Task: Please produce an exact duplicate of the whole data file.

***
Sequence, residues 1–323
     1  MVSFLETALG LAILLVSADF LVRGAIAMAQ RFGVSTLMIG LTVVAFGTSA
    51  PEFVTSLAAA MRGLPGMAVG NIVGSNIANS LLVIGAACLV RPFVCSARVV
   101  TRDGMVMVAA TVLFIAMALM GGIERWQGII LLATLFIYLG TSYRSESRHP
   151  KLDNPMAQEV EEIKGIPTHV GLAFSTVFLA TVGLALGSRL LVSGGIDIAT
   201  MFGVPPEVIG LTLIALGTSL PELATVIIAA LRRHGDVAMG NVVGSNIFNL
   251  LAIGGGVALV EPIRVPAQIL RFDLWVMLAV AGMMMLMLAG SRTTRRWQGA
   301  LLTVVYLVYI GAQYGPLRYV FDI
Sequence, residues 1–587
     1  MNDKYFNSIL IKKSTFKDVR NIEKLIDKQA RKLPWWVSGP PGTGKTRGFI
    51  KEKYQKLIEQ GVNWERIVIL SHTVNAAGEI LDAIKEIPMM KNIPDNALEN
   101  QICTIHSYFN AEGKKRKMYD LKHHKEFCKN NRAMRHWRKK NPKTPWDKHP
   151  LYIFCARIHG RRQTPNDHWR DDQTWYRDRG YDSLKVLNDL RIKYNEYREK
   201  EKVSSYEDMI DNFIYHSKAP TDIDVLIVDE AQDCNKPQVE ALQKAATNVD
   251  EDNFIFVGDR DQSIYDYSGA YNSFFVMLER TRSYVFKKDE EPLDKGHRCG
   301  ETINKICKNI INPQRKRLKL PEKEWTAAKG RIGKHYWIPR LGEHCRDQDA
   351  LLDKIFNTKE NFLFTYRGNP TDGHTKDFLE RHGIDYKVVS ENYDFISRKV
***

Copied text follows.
Sequence, residues 1–323
     1  MVSFLETALG LAILLVSADF LVRGAIAMAQ RFGVSTLMIG LTVVAFGTSA
    51  PEFVTSLAAA MRGLPGMAVG NIVGSNIANS LLVIGAACLV RPFVCSARVV
   101  TRDGMVMVAA TVLFIAMALM GGIERWQGII LLATLFIYLG TSYRSESRHP
   151  KLDNPMAQEV EEIKGIPTHV GLAFSTVFLA TVGLALGSRL LVSGGIDIAT
   201  MFGVPPEVIG LTLIALGTSL PELATVIIAA LRRHGDVAMG NVVGSNIFNL
   251  LAIGGGVALV EPIRVPAQIL RFDLWVMLAV AGMMMLMLAG SRTTRRWQGA
   301  LLTVVYLVYI GAQYGPLRYV FDI
Sequence, residues 1–587
     1  MNDKYFNSIL IKKSTFKDVR NIEKLIDKQA RKLPWWVSGP PGTGKTRGFI
    51  KEKYQKLIEQ GVNWERIVIL SHTVNAAGEI LDAIKEIPMM KNIPDNALEN
   101  QICTIHSYFN AEGKKRKMYD LKHHKEFCKN NRAMRHWRKK NPKTPWDKHP
   151  LYIFCARIHG RRQTPNDHWR DDQTWYRDRG YDSLKVLNDL RIKYNEYREK
   201  EKVSSYEDMI DNFIYHSKAP TDIDVLIVDE AQDCNKPQVE ALQKAATNVD
   251  EDNFIFVGDR DQSIYDYSGA YNSFFVMLER TRSYVFKKDE EPLDKGHRCG
   301  ETINKICKNI INPQRKRLKL PEKEWTAAKG RIGKHYWIPR LGEHCRDQDA
   351  LLDKIFNTKE NFLFTYRGNP TDGHTKDFLE RHGIDYKVVS ENYDFISRKV